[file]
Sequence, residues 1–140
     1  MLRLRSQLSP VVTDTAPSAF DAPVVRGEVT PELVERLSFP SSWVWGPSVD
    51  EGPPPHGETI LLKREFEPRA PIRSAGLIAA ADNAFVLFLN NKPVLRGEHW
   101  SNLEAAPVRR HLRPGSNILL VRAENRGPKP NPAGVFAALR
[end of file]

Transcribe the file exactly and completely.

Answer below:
Sequence, residues 1–140
     1  MLRLRSQLSP VVTDTAPSAF DAPVVRGEVT PELVERLSFP SSWVWGPSVD
    51  EGPPPHGETI LLKREFEPRA PIRSAGLIAA ADNAFVLFLN NKPVLRGEHW
   101  SNLEAAPVRR HLRPGSNILL VRAENRGPKP NPAGVFAALR